NOMMA Newswire
Featured Stories
 
   
Blacksmith James Roth, of Putnam Township, wants to keep his trade alive by passing along skills to others.

Roth, who does blacksmithing out of his Hell Creek Forge workshop near Hell, started taking on apprentices and students about three years ago.

He teaches people how to use tools including a flaming coal forge, anvils and hammers to hand-craft objects.
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As the summer evening sun casts its rays on the pitcher’s mound a few miles to the east, roughly a dozen fountains lined up like fence posts shoot up from the ground, spewing water several feet into the air in right field as batting practice is about to begin at Kauffman Stadium, home of the Kansas City Royals.

Kansas City long known for jazz and barbecue, has another noteworthy association: fountains of all shapes, sizes, styles and design, numbering in the hundreds and located on both the Missouri and Kansas sides of the city. Some are on the grounds of private homes but dozens are in public places, waiting to be seen.
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Member News
Congratulations to Berger Iron Works, Inc. for winning the 2014 AIA Houston Artisan of the Year Award! They were selected by the AIA Houston Honor Awards Committee, and the award was presented by Architecture Center Houston. 

Project photos, shop drawings, historical documents, sample work and materials alongside the model will all be featured in the exhibit. The 2015 AIA Houston Design Awards will also be on exhibit in the main gallery. You can read more about the 2015 AIA Houston Design Awards here

More about Berger Iron Works, Inc.:
In 1893, A.A. Berger began fabricating ornamental iron work for residences and office buildings.  By the 1930s, Berger was the choice of many of the most elegant estates in Houston, Galveston, and the surrounding areas. As Houston grew, the company diversified, and in the 1940s Berger helped to supply the U.S. war effort with fabricated iron and wire products. 

Incorporated in 1954 as Berger Iron Works, Inc., the company has now been in continuous operation for 120 years. Today, Berger manufactures architectural and miscellaneous metals predominantly for the commercial construction industry while maintaining its ability to work on industrial projects and high-end residential projects.

For more information on Berger Iron Works, Inc., please visit www.bergeriw.com.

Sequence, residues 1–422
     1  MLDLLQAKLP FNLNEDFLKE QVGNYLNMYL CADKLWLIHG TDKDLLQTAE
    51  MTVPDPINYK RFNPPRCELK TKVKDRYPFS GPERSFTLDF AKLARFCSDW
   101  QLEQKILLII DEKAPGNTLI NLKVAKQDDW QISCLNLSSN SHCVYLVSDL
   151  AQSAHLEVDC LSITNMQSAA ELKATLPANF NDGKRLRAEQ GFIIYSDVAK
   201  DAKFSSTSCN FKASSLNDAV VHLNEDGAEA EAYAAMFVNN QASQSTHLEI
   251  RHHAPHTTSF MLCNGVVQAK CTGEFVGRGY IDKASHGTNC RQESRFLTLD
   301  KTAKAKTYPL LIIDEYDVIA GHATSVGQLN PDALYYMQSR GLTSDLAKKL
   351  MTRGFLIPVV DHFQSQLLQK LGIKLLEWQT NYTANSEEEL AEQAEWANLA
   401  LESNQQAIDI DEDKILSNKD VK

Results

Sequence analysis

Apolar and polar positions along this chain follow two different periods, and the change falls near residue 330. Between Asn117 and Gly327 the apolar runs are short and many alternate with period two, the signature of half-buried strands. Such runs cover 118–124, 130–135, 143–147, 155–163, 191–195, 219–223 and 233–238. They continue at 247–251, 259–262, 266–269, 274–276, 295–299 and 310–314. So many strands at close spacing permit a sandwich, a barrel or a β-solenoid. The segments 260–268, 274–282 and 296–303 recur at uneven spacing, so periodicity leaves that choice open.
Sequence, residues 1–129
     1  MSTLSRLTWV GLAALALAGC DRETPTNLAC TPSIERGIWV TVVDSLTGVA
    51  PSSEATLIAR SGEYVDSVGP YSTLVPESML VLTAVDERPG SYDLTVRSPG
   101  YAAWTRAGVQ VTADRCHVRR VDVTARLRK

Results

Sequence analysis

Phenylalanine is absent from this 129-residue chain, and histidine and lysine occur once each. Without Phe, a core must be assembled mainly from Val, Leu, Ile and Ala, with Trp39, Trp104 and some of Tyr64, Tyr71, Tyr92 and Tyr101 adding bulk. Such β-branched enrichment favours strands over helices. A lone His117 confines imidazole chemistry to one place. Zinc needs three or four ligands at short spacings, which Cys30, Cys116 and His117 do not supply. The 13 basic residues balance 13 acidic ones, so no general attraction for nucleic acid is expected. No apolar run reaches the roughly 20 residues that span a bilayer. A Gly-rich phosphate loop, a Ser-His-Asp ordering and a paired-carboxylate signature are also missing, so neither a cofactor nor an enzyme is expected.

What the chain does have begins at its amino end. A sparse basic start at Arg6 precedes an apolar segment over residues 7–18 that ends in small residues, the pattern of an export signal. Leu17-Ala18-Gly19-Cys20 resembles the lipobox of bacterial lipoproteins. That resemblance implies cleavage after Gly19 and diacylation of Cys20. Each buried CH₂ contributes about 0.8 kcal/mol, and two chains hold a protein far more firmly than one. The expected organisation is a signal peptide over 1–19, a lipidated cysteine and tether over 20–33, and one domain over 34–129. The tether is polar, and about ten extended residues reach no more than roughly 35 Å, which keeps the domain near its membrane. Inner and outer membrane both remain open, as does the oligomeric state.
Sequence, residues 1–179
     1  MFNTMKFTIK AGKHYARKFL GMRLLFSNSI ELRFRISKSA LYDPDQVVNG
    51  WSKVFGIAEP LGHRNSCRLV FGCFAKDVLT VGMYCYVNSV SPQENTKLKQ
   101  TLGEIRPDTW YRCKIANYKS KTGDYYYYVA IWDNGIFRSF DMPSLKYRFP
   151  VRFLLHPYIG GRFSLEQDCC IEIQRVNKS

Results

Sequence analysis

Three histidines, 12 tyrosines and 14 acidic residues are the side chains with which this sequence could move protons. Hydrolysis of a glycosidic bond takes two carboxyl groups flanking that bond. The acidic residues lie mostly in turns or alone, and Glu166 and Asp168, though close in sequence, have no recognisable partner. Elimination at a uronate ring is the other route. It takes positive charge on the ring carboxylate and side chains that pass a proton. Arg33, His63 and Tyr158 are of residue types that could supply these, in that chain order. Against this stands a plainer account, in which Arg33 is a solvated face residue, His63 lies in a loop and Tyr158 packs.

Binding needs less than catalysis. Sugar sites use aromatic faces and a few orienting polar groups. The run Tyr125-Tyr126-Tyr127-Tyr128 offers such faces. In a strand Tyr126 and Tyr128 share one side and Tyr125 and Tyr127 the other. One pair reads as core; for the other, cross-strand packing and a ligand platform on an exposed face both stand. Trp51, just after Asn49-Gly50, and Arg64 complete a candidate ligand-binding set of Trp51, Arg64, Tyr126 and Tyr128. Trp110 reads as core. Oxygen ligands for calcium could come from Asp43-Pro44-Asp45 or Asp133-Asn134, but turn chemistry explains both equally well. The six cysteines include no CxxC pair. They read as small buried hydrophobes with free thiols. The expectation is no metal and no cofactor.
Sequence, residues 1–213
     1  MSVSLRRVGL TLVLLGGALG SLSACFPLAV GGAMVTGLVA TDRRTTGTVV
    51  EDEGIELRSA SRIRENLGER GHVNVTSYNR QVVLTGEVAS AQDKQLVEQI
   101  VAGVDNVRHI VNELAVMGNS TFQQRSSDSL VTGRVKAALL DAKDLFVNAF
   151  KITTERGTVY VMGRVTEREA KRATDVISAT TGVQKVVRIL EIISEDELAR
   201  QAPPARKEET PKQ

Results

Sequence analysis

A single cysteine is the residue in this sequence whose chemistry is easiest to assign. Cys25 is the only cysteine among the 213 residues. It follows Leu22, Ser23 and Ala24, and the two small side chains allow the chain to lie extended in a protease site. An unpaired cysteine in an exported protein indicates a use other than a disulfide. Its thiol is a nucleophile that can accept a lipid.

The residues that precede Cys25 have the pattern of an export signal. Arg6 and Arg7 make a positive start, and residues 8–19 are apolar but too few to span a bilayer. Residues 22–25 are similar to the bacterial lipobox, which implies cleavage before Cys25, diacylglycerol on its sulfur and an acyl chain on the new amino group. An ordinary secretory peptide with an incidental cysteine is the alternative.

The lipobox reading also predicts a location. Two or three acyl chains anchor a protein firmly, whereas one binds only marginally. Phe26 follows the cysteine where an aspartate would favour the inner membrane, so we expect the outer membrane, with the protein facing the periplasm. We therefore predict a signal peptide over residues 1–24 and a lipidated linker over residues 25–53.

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NOMMA is partnering with Naylor Association Solutions to create an Online Verification System (OVS)

As a NOMMA member, you will have the opportunity to use a unique username and password, which will be given at a later date, to log into an online portal to update your listing information. The OVS is a user-friendly and safe portal to use, and none of the information stored will be used for anything other than gathering information for the 2016 NOMMA Membership Directory & Buyers' Guide. With your help, your most up-to-date information will be included in this valuable member resource. 

When the time comes to update your listing, please be sure to log in and update every field included in the OVS to ensure your listing is correct and complete. It will help us accurately showcase your information in a year-long publication. 

When the OVS is ready to be rolled out, we will individually send out your username and password with the deadline in which we will need the updates made. Look out for more information to come regarding the OVS. 

Thank you for your help in making this happen!

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If you do, please be sure to share this information with our new NOMMA Editor-in-Chief, Marbella Miller. We love to feature news, updates, tips, etc. from our members and friends in the industry in both the O&MM Fabricator and in the NOMMA Newswire newsletter. You can reach Marbella directly by emailing her at marbella@naylor.com. 
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NOMMA News & Events

Give back to the industry by spending Saturday, October 3, at the Metal Museum Service Day in Memphis, Tennessee. We need about 12 volunteers and 3-4 service trucks. The Metal Museum was founded by NOMMA members, and this event is a great opportunity to connect with and maintain one of NOMMA’s greatest projects. Read about the Museum's History. 

When:   
Saturday, October 3, 2015
               9:00 a.m.- 5 p.m. (approx.)

Where: 374 Metal Museum Dr.
               Memphis, Tennessee  38106
               United States

Contact: Todd Daniel
                todd@nomma.org 
                Phone: 888-516-8585

*To RSVP for this event, click here

Lodging:  
Holiday Inn Downtown
Reservations: Call Diebra Anderson in the sales office at 901-526-2001.
 
Sheraton Memphis Downtown
Reservations: Call Brad Colonna in the sales office at 901-214-3615.

Projects:
1) Repaint handrails on the Library building. Brushing and rolling oil base paint

2) Fab handrails for Gazebo, Install rails that have been finished (spray paint)

3) Paint Gazebo

*The Museum staff will pressure wash handrails and gazebo prior to the service day. We already have a welder—please disregard our earlier request to bring one. 

 What to Bring:

  • Welding helmet
  • Safety glasses and face shield
  • 2" paint brushes latex and oil base paints
  • 4" paint rollers 3/8" nap maybe ¼"
  • Angle grinder with wire brushes, cup brush
  • Hand wire brushes
  • Gloves
  • Your Expertise
  • Paint cup gun/ with filters spray oil base primer
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Nov. 6 & 7, Hyatt Regency O’Hare, Chicago, Illinois

Interested in CAD? Do you need to better integrate it into your workflow?

This seminar is designed for fabricators who are either currently looking into adding CAD to their operations or who have CAD but have not fully leveraged this technology.

• Using CAD at the initial sales call and/or bid process.
• Taking job photos and showing the design in the photo
(eliminate the phrase "I didn’t think it was going to look like this")
• Using CAD to simplify field measuring.
• Using CAD for estimating residential and commercial work.